Document - Medical letter writing action: Republic of Yemen: corporal punishment
AI Index:MDE 31/02/92
From:Medical Office / Research Department - Middle East
Date:27 February 1992
MEDICAL LETTER WRITING ACTION
REPUBLIC OF YEMEN
Theme: amputations/ corporal punishment/ medical ethics/ whipping
On 13 February 1992, AI issued an Urgent Action on the imminent introduction of a new Penal Code and Code of Criminal Procedure by decree. This is expected during the holy month of Ramadan, beginning 5 March 1992. AI is seriously concerned that the new Penal Code will provide for whipping and amputations as punishment for certain offenses.
AI is now seeking further letters to be sent by medical professionals to the Yemeni Minister of Public Health reiterating international concern at the possible introduction of such punishments and at the possible involvement of doctors in training non-medical personnel in amputation techniques, supervising whipping or amputations or carrying out amputations themselves, all of which would be in breach of international human rights standards and international medical ethical codes.
The Republic of Yemen was forged out of the union between the People's Democratic Republic of Yemen (PDRY) and the Yemen Arab Republic (YAR) on 22 May 1990. At the time of unification, the parliaments of the former PDRY and YAR merged, a new Constitution was approved and a Presidential Council was set up to oversee the executive functions of the state during a 30-month transitional period, which ends in November 1992. The Unity Agreement stipulated that during this period the legal systems of the former YAR and PDRY would remain separate until a common Penal Code and Code of Criminal Procedure are promulgated. Amputations had previously been carried out in the YAR where Shari'a (Islamic Law) was in force and amputation was one of the punishments for theft. In the former PDRY, amputations and flogging were banned. The Constitution of the new Republic of Yemen guarantees civil and political rights and Article 33 prohibits the use of "inhuman methods" of punishment or the promulgation of laws allowing such practices. The agreement on a common Penal Code for the Republic of Yemen has been an obstacle to the merger of the legal systems of the former republics.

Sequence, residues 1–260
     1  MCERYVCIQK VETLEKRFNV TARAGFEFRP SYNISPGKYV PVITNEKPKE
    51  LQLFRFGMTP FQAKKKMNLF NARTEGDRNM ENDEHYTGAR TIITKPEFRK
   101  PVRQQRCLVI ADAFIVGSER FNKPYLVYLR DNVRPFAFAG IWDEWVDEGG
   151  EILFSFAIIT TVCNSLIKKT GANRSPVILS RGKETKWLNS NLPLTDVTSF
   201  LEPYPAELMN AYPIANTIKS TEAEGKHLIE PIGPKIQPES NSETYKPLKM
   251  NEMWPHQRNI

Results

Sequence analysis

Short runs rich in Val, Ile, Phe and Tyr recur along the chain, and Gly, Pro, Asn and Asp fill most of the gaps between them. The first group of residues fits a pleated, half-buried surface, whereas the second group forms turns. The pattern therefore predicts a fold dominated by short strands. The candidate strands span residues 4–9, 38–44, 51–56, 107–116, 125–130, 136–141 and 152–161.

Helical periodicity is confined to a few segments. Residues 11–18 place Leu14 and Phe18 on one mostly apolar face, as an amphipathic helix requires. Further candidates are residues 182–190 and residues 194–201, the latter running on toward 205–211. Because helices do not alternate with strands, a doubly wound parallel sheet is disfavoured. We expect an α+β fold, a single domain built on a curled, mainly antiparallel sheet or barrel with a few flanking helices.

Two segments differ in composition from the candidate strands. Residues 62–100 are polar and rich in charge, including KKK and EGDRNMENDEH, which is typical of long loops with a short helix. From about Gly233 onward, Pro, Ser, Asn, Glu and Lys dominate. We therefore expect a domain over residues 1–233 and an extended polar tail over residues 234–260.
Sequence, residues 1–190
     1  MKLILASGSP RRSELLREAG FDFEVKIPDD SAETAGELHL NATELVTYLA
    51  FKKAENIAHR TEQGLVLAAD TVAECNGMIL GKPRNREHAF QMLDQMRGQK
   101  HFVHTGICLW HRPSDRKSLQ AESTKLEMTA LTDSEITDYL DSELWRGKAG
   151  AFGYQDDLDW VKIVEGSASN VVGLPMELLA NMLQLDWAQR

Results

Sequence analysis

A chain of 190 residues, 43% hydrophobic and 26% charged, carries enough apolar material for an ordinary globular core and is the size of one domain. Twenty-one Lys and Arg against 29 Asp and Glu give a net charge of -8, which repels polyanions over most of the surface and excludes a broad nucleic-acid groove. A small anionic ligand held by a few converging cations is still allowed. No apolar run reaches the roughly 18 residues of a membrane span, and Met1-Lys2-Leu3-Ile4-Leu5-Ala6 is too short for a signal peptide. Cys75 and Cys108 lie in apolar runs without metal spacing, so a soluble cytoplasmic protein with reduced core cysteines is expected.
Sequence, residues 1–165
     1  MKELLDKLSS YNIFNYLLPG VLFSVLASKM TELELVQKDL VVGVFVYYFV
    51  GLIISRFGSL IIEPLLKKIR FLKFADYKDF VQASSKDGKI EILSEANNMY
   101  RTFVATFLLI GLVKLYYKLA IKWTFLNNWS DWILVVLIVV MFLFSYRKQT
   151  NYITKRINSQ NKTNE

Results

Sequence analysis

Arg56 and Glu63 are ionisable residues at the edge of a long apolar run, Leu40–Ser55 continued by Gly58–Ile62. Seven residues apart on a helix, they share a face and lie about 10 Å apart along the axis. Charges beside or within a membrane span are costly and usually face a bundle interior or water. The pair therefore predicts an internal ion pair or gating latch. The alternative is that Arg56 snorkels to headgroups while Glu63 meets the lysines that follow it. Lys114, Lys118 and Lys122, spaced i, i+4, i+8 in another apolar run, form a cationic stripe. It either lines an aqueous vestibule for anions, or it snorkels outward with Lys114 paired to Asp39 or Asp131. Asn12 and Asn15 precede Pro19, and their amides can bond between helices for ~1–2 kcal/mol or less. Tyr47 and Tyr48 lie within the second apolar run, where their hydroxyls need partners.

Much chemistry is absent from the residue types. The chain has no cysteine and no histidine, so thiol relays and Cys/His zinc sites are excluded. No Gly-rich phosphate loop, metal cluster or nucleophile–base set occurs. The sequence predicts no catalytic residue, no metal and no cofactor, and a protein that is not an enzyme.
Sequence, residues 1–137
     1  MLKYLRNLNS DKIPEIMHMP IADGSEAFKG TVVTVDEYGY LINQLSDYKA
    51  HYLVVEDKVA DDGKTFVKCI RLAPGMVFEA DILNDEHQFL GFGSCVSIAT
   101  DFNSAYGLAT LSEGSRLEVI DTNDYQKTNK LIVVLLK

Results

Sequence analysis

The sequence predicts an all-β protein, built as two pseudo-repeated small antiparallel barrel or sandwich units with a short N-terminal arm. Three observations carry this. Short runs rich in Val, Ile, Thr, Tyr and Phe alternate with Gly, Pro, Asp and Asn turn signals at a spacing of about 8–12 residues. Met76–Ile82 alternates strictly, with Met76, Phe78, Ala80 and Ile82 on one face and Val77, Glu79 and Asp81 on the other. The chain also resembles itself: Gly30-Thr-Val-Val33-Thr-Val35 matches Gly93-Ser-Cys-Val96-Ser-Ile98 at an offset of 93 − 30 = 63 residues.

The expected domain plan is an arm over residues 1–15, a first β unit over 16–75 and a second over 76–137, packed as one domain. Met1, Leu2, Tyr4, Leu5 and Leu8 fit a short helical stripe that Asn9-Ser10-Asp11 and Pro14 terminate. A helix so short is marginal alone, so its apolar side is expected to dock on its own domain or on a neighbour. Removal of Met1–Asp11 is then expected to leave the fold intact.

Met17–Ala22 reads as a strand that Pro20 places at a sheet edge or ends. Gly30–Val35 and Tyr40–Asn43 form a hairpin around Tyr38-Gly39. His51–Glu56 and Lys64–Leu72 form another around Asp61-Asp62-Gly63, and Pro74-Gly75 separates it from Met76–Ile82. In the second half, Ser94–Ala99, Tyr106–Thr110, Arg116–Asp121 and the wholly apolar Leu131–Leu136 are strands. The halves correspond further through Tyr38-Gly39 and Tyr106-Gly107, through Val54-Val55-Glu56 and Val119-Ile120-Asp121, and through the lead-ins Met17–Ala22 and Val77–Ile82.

Amnesty International considers flogging and amputation to be cruel, inhuman and degrading punishments which, as such, are prohibited internationally by the United Nation's Convention against Torture or Other Cruel, Inhuman and Degrading Treatment or Punishment, and by the Universal Declaration of Human Rights and the International Covenant on Civil and Political Rights. In 1990, in accordance with the Unity Agreement, the Republic of Yemen became a State Party to the International Covenant on Civil and Political Rights. In November 1991 Yemen also became a State Party to the UN Convention against Torture, without making any reservations to that treaty.
Medical involvement in corporal punishment has been condemned by the World Medical Association as contrary to the doctor's healing role and is in breach of the WMA's Declaration of Tokyo which states that: "the doctor shall not countenance, condone or participate in the practice of torture or other forms of cruel, inhuman or degrading procedures..." (article 1); "the doctor shall not provide any premises, instruments, substances or knowledge to facilitate the practice of torture or other forms of cruel, inhuman or degrading treatment..." (article 2) and "the doctor shall not be present during any procedure during which torture or other forms of cruel, inhuman or degrading treatment is used or threatened" (article 3).
Please organise as many letters or telexes as you can (with or without mention of Amnesty International) to the Minister of Health (address below):
- expressing concern at reports that the new Penal Code of the Republic of Yemen, scheduled to be promulgated soon, includes the judicial punishments of amputations and flogging;
- stating that the use of these punishments contravenes the spirit of the Convention Against Torture, to which Yemen is a State Party, and to Article 33 of the Republic of Yemen's own constitution;
- urging that the Penal Code should not provide for these punishments to be imposed or carried out.
- stating your view that any involvement of medical personnel in such punishments would be in gross breach of international medical ethical standards such as the World Medical Association's Declaration of Tokyo
If you have written already to the Chairman of the Presidential Council (as recommended in UA 47/92, 13 February 1992 and in medical action MDE 31/01/91, 23 September 1991), please write again to the Minister of Health mentioning your earlier letter.
Minister of Health
Dr Muhammad 'Ali Muqbil
Minister of Public Health
Ministry of Public Health
Republic of YemenTelex: 3281 MOH YE
Please arrange at least one express letter per group to the Minister of Public Health and send copies of letters by fax or mail to the nearest diplomatic representative of the Republic of Yemen.